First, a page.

The Cheap Detective Reviews
Floyd Merkle (Wally Berns) has been killed, leaving his partner, Lou Peckinpaugh (Falk), as the prime suspect. This isn't helped by the lovely widow Georgia (Marsha Mason), who swans around in black saying incriminating things in front of her police escort. There is also she of the many names (Madeline Kahn doing the Mary Astor role from [i]The Maltese Falcon[/i]), who may have killed Merkle and is definitely trying to enlist Peckinpaugh for something. Peckinpaugh (an obvious play on the director Sam Peckinpah) also has a long-lost love, Marlene DuChard (Louise Fletcher as Ingrid Bergman in [i]Casablanca[/i]) and a new-found love (I [i]think[/i] this is Eileen Brennan, but I can't figure out who she's supposed to be playing), Betty DeBoop (probably.) There's also Ann-Margret as the devilish Jezebel Dezire (Lauren Bacall from [i]The Big Sleep[/i]).
The parodies work as far as they go, and the filming, et cetera, aren't bad. Actually, some of the atmosphere is quite charmingly captured, though I think Marlene is a very bad Ilse. I also think a lot of their costumes are wrong. Of course, it's hard to get Humphrey Bogart's traditional Sam Spade garb wrong, and Peter Falk's been wearing variations of it in most of his career--where do you think Columbo gets that jacket? And certainly there's a star-studded cast, here. But it doesn't really work. I wish it did. But it doesn't.
The thing is, you have to keep track of this movie on two levels. On the one, there is what's happening in the movie. This is easier to lose track of, because one gets the impression that Simon doesn't care, either. It's all intended to play on those movies that we all know, which means it's starting to fail as fewer and fewer people really get into old Bogart movies. You'll notice that there's at least one that I didn't get, and there's probably more. I'm not sure if Stockard Channing's Bess is supposed to be anyone in particular, either. You see, he's passing out of the public conciousness, sad to say. Bogart was a better actor than a lot of people who are and will probably remain more popular than he--someone somewhere is [i]always[/i] watching a John Wayne movie, and AMC played [i]Planet of the Apes[/i] today--but ask yourself one thing. When was the last time [i]you[/i] watched [i]Casablanca[/i]?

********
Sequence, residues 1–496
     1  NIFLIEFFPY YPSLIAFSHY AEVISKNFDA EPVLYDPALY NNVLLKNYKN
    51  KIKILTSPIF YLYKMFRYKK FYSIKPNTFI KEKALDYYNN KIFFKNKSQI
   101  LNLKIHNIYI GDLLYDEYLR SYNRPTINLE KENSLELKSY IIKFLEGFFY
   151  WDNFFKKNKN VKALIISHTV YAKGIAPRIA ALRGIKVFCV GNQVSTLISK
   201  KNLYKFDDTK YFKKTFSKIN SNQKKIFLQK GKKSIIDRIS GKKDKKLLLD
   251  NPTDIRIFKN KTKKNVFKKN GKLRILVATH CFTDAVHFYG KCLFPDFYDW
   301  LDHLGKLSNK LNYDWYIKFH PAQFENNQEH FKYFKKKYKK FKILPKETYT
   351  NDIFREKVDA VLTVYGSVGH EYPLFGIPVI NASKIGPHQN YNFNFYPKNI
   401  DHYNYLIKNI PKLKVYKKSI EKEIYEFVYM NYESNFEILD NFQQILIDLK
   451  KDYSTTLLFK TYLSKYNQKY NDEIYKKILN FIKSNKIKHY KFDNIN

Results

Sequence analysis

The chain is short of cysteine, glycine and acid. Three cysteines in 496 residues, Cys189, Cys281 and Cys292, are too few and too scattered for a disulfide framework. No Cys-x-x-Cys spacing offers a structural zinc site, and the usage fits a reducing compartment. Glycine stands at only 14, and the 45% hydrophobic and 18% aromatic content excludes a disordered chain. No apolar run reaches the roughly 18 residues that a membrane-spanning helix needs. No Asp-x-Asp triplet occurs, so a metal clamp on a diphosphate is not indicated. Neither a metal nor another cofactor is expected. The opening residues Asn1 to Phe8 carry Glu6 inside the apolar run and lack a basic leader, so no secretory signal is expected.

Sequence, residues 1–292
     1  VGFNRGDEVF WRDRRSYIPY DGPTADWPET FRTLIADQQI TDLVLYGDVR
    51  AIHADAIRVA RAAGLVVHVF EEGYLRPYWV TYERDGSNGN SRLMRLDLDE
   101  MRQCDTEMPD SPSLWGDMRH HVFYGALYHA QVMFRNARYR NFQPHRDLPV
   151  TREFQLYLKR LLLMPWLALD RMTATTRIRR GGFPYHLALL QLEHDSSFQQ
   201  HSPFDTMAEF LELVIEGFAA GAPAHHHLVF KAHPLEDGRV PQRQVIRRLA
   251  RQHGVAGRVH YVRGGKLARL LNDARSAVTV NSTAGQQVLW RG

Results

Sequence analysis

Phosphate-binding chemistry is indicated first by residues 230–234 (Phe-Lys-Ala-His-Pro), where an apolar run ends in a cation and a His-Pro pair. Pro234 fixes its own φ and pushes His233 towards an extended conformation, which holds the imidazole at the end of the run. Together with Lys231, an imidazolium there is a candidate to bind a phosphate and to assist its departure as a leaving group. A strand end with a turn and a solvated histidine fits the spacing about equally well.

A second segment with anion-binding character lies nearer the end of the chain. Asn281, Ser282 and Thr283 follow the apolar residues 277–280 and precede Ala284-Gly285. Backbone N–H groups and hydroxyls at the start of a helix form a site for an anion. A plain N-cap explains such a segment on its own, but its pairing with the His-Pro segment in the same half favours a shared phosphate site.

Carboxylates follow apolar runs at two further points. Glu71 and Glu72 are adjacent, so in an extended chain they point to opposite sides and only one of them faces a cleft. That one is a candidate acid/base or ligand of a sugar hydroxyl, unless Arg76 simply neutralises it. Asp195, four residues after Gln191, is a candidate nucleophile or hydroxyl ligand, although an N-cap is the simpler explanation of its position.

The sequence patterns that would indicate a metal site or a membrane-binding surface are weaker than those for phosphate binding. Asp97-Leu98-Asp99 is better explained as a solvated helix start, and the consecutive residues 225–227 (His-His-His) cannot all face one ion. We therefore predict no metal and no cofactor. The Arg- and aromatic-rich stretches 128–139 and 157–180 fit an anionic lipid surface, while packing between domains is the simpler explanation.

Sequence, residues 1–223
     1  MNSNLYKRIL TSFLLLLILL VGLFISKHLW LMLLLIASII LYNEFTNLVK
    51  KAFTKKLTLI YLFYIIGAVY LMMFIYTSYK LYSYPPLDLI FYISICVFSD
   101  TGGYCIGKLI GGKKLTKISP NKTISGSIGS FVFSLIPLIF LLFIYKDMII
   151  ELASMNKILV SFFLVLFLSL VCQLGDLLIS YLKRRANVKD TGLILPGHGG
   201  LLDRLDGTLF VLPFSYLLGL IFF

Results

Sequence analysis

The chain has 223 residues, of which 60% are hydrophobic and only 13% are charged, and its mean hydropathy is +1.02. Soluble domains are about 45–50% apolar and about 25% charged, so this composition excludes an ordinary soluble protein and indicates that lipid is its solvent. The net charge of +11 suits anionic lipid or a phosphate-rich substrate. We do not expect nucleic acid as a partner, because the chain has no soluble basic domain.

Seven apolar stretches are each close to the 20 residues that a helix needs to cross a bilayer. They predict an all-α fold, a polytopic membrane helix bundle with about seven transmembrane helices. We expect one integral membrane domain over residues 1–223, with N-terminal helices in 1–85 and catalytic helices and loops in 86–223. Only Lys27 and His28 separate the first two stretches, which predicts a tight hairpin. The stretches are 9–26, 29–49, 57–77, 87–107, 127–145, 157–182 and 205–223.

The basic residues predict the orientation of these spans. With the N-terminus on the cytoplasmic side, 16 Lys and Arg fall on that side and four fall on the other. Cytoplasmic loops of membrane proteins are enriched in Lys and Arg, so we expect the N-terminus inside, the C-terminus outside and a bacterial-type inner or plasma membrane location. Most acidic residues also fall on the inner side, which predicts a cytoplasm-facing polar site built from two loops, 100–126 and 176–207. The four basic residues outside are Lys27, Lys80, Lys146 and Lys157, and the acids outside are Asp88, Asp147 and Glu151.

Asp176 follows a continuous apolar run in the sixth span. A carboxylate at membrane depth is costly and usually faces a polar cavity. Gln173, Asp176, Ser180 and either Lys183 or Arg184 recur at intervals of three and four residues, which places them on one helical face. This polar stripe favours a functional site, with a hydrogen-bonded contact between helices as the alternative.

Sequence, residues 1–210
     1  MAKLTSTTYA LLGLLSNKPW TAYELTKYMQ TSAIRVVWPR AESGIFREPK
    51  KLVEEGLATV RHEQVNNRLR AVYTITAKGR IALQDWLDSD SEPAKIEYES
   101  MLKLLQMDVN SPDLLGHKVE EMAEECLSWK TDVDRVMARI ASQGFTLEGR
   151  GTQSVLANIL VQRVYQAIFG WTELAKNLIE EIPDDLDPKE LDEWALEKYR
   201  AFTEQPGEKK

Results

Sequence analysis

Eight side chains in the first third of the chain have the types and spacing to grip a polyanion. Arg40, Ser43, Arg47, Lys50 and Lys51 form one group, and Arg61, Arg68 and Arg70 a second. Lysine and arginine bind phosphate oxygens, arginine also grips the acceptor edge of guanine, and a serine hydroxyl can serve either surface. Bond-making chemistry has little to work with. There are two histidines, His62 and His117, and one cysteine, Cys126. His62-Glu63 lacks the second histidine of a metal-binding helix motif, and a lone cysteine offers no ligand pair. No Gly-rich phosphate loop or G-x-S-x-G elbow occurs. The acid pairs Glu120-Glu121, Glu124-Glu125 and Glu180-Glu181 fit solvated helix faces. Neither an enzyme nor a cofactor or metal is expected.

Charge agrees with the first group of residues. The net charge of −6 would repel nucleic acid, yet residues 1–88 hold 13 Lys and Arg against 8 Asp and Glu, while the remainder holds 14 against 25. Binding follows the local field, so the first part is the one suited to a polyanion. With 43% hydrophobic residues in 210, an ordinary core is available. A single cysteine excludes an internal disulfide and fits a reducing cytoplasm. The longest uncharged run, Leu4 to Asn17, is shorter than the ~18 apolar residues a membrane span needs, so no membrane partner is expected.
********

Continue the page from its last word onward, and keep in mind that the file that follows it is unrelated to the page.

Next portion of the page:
"The Cheap Detective" is a spoof of hardboiled detective tales and the film noir pictures from the 1940s and 1950s, and it plays as though the script emerged after someone tossed the movies "The Maltese Falcon" and "Casablanca", a collection of the Complete Works of Dashell Hammett, and some copies of MAD Magazine into a blender set on high.
The result is a hilarious, but uneven, movie that's loaded with absurd situations, rediculous puns, and a crazy, chaotic storyline that anticipates comedies like "Airplane" and "The Naked Gun". If you're a fan of those movies, you're bound to enjoy this one. The film starts weak--with a gag involving a killer so efficient his victims don't even fall down when they die streteched so thin in loses all comedy value--and ends with a nonsensical and unfunny scene that seems to exist only to fit in one more cameo, but almost everything between the two badly done bookends is great stuff.
You're also bound to enjoy "The Cheap Detective" if you love the movies and the actors being spoofed. Peter Falk in particular is hilarious with his very effective Humphrey Bogart imitation, but Louise Fletcher's Ingrid Bergman is also great fun, as is Ann-Margaret's generic oversexed femme fatale and Nicol Willams. Much credit also goes, of course, to Neil Simon for the absurd dialogue and even more absurd situations.
Whether you're a fan of classic detective films and the film noir genre, or whether you simply enjoy crazy comedies, I think you'll find something to laugh about in "The Cheap Detective".
The Cheap Detective
Starring: Peter Falk, Louise Fletcher, Madeline Kahn, Marsha Mason, Eileen Brennan, James Coco, Ann-Margaret, Ferndando Lamas, Dom Deluise, John Houseman, Nicol Williams, and Stockard Channing, and Sid Ceaser
Director: Robert Moore
Peter Falk effectively plays Lou Peckinpaugh as a humorous send-up of Sam Spade and Rick Blaine. I enjoyed the other performances as well, particularly Nicol Williamson as a character parodying Major Strasser from "Casablanca" and John Houseman playing a character very similar to Kasper Gutman from "The Maltese Falcon". The only character that could have been better was Pepe Damascus, in a Peter Lorre type role, played by Dom DeLuise.
This film is funny in several respects. The dialogue is amusing and often emulates and parodies the snappy dialogue of "Casablanca" and "The Maltese Falcon". Since the plot is cobbled together largely from those movies, there are a number of scenes like a humorous modification of the "La Marseillaise" scene from "Casablanca". Simon added a number of amusing complexities, sometimes nonsensical, into the script as a parody of the complexities in "The Maltese Falcon". Overall this film was consistently funny from start to finish. I recommend "The Cheap Detective" as a satire for people that enjoyed "Casablanca" and "The Maltese Falcon".